Should Cities Be Looking for Their Own High Line?

At the recent ASLA Conference in San Diego, a panel of noted landscape architects discussed whether New York City's hit park The High Line is a replicable model for other cities.

The panel, also covered by Planetizen earlier in the week, included landscape architects Martha Schwartz, FASLA; Laurie Olin, FASLA; Charles Waldheim, chair of the landscape architecture department at Harvard University; and Maurice Cox, former mayor of Charlottesville, Virginia.

John King, urban design critic at the San Francisco Chronicle, asked the panel if every city should be seeking ways to repurpose their old infrastructure like The High Line does:

"Olin thinks that cities trying to copy the High Line just to bring in tourists will shoot themselves in the foot. 'People need to build cities for themselves. Paris was not built for tourists.' But he said Americans really need to learn to live in dense environments because, in effect, density becomes the key attraction. Waldheim agreed, adding that it should be about 'building communities first.' Cox seemed to offer something similar, arguing that 'every city already has a High Line' - it's usually a 'toxic brownfield site' but the issue is 'finding the uniqueness of that particular place, and using it fuel development.' The High Line was a product of citizen advocacy and action. 'It wasn't Mayor Bloomberg's idea. He opposed it, and didn't see it as a tourist draw. There are thousands of High Lines in America.'"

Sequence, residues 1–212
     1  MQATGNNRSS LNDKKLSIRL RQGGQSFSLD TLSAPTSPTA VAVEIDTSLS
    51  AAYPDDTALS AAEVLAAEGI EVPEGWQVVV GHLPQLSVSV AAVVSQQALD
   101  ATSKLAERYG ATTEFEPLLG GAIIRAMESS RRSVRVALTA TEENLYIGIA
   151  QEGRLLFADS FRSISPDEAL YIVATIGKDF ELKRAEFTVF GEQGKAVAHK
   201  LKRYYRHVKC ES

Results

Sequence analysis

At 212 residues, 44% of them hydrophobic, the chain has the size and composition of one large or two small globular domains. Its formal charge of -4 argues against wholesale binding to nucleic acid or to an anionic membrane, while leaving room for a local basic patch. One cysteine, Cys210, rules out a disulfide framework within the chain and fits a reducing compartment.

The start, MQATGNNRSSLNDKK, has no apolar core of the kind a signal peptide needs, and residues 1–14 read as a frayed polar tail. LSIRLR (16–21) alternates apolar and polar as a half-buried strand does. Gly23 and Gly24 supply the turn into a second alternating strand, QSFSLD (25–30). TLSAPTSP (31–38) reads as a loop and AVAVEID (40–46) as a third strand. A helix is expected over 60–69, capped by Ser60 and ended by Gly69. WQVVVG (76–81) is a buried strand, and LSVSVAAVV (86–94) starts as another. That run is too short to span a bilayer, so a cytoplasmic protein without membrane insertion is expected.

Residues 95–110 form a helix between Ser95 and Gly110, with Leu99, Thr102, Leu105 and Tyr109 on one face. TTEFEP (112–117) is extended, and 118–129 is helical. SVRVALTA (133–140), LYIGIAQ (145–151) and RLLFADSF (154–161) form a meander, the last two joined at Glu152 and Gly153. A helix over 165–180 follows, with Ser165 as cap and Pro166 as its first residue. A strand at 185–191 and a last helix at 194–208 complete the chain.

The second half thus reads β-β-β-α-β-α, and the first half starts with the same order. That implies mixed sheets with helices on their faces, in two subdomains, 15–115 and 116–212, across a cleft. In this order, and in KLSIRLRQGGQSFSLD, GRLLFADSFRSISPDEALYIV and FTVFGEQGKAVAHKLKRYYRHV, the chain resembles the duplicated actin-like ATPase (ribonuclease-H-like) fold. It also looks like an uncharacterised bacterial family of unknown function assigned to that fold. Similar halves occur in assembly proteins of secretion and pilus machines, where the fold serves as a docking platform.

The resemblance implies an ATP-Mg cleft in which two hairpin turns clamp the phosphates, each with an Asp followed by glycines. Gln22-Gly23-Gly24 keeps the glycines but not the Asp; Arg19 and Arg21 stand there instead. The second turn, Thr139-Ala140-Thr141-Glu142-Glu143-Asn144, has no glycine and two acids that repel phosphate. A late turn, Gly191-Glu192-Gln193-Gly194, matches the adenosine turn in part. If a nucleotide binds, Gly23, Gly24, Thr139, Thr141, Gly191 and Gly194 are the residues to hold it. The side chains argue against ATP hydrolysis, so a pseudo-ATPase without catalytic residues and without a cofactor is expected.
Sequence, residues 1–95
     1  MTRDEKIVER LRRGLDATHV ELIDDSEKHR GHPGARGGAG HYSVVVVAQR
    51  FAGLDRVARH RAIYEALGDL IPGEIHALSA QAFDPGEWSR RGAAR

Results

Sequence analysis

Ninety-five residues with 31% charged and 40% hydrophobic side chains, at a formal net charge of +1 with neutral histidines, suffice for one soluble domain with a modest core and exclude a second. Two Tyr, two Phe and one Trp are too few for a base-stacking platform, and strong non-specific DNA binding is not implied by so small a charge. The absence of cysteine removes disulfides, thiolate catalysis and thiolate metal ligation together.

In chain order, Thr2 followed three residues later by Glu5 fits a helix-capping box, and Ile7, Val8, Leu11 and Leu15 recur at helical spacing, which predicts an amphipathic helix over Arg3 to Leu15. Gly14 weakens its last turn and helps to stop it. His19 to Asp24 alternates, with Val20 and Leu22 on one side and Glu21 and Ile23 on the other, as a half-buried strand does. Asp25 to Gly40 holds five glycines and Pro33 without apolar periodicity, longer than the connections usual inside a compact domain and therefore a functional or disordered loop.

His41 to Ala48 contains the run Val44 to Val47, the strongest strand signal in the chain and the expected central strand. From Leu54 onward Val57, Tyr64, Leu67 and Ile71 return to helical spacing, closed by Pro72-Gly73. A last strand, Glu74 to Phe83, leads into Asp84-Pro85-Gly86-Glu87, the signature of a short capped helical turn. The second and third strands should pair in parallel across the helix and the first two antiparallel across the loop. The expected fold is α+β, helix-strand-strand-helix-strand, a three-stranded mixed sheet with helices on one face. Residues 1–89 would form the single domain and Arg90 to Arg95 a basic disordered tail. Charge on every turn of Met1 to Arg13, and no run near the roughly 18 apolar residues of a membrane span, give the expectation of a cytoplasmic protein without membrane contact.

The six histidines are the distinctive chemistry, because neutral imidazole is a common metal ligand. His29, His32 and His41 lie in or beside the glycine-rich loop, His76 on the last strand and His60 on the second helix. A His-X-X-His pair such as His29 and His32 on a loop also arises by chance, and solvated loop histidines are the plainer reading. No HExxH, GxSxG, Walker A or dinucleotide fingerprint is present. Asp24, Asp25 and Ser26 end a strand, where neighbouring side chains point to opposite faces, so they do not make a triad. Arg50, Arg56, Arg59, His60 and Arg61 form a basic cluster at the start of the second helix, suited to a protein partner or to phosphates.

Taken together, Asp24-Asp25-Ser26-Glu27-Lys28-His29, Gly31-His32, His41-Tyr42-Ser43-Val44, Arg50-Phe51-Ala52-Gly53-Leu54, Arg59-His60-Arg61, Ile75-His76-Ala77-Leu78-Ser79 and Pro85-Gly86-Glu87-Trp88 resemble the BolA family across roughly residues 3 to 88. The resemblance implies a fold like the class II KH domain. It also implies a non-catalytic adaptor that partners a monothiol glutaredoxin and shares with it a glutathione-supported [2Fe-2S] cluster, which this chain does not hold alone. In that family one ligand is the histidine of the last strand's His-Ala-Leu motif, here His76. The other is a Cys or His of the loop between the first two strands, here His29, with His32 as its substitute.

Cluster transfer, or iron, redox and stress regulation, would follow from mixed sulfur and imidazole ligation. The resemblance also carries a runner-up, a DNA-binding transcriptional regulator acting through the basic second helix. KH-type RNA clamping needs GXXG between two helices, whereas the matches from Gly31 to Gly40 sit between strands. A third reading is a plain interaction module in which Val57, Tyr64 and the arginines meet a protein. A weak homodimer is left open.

Much more coverage of the panel over at ASLA's blog, The Dirt.

Full Story: Is There a New American City?


Prepare for the AICP Exam

Join the thousands of students who have utilized the Planetizen AICP* Exam Preparation Class to prepare for the American Planning Association's AICP* exam.
Starting at $199
Planetizen Courses image ad

Planetizen Courses

Advance your career with subscription-based online courses tailored to the urban planning professional.
Starting at $14.95 a month
Book cover of Insider's Guide to Careers in Urban Planning

So you want to be a planner...

Check out our behind the scenes look at 25 careers in the Urban Planning field
Starting at $14.95
Red necktie with map of Boston

Tie one on to celebrate your city

Choose from over 20 styles of neckties imprinted with detailed city or transit maps.